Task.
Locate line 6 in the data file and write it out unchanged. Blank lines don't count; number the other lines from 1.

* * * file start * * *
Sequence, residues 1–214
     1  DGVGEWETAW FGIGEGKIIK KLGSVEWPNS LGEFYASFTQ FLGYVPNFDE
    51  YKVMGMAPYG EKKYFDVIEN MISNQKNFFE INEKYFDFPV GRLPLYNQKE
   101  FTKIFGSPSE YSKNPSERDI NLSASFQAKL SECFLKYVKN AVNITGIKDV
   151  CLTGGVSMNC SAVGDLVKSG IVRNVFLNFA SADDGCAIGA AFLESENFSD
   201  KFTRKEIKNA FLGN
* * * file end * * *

   201  KFTRKEIKNA FLGN